JOHNSON v. UNITED SERVICES AUTOMOBILE ASSOCIATION

Annotate this Case

JOHNSON v. UNITED SERVICES AUTOMOBILE ASSOCIATION
1969 OK 200
462 P.2d 664
Case Number: 41961
Decided: 12/16/1969
Supreme Court of Oklahoma

CHARLES M. JOHNSON AND CHARLENE J. JOHNSON, PLAINTIFFS IN ERROR,
v.
UNITED SERVICES AUTOMOBILE ASSOCIATION, A RECIPROCAL OR INTER-INSURANCE EXCHANGE, DEFENDANT IN ERROR.

Appeal from the District Court of Oklahoma County; Clarence Mills, Judge.

Affirmed.

Hudson, Hunter & Hyde, Oklahoma, City, for plaintiffs in error.

Rinehart, Morrison & Cooper, Oklahoma City, for defendant in error.

JACKSON, Justice.

¶1 This is an appeal by plaintiffs in the trial court, Charles M. Johnson and Charlene J. Johnson, from a judgment for defendant in their action against United Services Automobile Association, a reciprocal or inter-insurance exchange. The action was based upon the uninsured motorist's coverage of an insurance policy issued in North Carolina by defendant insurer. It is noted that the cause of action arose and trial was had prior to the adoption by the Oklahoma Legislature of the statutory provisions concerning uninsured motorists coverage now codified as 36 O.S. 1968 Supp., Sec. 3635 et seq.

¶2 Before bringing this action against the insurer in the District Court of Oklahoma County, plaintiffs had obtained a judgment against the uninsured motorist in the District Court of Comanche County. The insurer had notice of the prior action in Comanche County but did not participate in it, either as a party or otherwise. Before bringing the Comanche County action, plaintiffs, pursuant to a provision of the insurance policy, sought the written consent of the insurer to proceed against the uninsured motorist. Insurer refused to give such consent.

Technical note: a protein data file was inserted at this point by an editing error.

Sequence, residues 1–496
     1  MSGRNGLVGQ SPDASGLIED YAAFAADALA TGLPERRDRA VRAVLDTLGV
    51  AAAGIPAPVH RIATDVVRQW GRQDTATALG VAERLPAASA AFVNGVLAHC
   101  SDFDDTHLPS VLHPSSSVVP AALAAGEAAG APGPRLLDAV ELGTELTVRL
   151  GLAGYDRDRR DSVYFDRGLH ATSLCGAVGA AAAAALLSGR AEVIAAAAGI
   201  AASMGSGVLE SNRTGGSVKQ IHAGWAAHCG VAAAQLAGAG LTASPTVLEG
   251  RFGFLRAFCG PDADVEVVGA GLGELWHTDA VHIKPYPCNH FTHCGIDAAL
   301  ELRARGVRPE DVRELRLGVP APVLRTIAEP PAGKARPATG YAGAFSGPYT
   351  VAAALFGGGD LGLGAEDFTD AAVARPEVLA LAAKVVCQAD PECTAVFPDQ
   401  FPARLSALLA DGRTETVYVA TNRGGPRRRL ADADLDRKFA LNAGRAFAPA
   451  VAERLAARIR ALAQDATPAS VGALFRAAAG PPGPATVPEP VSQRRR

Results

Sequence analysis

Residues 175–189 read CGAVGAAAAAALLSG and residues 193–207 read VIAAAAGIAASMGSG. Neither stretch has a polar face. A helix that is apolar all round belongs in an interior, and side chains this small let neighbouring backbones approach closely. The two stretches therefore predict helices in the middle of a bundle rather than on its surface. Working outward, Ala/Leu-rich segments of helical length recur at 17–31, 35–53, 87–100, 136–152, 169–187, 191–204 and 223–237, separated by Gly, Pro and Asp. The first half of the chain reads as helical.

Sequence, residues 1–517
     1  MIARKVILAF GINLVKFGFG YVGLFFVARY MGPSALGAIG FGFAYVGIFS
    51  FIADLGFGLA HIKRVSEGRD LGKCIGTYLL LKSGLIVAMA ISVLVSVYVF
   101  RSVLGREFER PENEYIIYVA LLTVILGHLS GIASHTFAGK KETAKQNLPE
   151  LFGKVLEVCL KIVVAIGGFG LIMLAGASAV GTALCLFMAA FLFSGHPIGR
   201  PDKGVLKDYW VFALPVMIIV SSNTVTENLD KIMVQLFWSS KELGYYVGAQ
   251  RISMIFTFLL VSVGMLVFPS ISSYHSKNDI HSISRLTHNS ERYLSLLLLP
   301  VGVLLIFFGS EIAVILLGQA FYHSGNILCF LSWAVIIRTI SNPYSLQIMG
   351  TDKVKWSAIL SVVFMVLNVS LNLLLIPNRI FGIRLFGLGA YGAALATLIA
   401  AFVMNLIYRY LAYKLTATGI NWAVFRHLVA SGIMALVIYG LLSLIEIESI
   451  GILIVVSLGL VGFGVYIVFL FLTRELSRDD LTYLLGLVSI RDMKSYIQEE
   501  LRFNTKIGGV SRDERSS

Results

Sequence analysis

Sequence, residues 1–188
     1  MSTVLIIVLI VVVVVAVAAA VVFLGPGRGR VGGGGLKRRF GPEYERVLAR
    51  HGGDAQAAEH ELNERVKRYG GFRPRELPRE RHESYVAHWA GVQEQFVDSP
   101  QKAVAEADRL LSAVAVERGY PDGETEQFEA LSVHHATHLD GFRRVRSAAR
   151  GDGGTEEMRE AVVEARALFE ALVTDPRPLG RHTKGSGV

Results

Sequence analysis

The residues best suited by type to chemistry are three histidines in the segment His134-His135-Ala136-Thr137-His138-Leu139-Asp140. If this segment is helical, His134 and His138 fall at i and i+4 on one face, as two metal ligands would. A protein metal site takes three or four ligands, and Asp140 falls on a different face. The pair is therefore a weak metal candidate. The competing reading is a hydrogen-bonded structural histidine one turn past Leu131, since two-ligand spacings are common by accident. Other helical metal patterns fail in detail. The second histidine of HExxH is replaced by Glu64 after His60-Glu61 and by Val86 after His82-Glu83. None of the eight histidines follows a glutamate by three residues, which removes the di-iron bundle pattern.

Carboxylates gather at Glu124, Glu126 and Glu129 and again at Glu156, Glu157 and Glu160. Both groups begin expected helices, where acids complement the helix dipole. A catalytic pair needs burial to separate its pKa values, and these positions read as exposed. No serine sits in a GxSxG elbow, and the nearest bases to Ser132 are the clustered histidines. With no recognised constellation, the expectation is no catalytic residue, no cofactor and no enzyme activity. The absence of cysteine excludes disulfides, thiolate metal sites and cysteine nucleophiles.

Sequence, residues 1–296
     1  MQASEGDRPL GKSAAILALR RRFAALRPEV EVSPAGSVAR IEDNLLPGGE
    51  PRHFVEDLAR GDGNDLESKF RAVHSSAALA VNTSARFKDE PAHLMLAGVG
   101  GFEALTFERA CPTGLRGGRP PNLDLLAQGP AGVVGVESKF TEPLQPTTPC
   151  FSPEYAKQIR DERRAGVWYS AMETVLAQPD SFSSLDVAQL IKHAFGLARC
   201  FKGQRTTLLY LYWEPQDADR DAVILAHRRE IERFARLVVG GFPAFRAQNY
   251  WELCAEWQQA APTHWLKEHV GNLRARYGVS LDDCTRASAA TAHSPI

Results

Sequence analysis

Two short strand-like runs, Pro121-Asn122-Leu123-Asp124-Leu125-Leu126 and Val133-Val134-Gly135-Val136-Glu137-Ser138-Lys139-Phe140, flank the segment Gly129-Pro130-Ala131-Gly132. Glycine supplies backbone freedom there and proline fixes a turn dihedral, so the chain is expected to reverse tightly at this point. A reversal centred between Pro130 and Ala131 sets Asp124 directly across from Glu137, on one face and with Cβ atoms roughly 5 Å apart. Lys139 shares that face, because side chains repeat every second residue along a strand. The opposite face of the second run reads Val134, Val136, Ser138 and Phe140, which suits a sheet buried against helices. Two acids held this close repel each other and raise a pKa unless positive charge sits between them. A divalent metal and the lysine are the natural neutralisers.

¶3 In their pleadings and proof in the later action in Oklahoma County which resulted in this appeal, plaintiffs relied entirely upon the Comanche County judgment to establish the liability of the uninsured motorists and the amount of their damages. They introduced no evidence as to the negligence of the uninsured motorist or the extent of their injuries and damage. The trial court concluded that the Comanche County judgment against the uninsured motorist could not be utilized by plaintiffs to establish liability and the amount of damages in this action against the insurance company, and held that the allegations of plaintiffs' petition were not supported by the evidence.

¶4 Plaintiffs' principal argument on appeal is that they were entitled to rely upon the Comanche County judgment against the uninsured motorist to establish the liability and the amount of their damages in this action against the insurance company on the insurance contract. They rely principally upon Boughton v. Farmers Insurance Exchange, Okl., 354 P.2d 1085, 79 A.L.R.2d 1245 (1960), and Holt v. Bell, Okl., 392 P.2d 361 (1964).

¶5 We are of the view that Boughton and Holt are not decisive, as hereinafter explained, and that the trial court correctly entered judgment for defendant insurance company.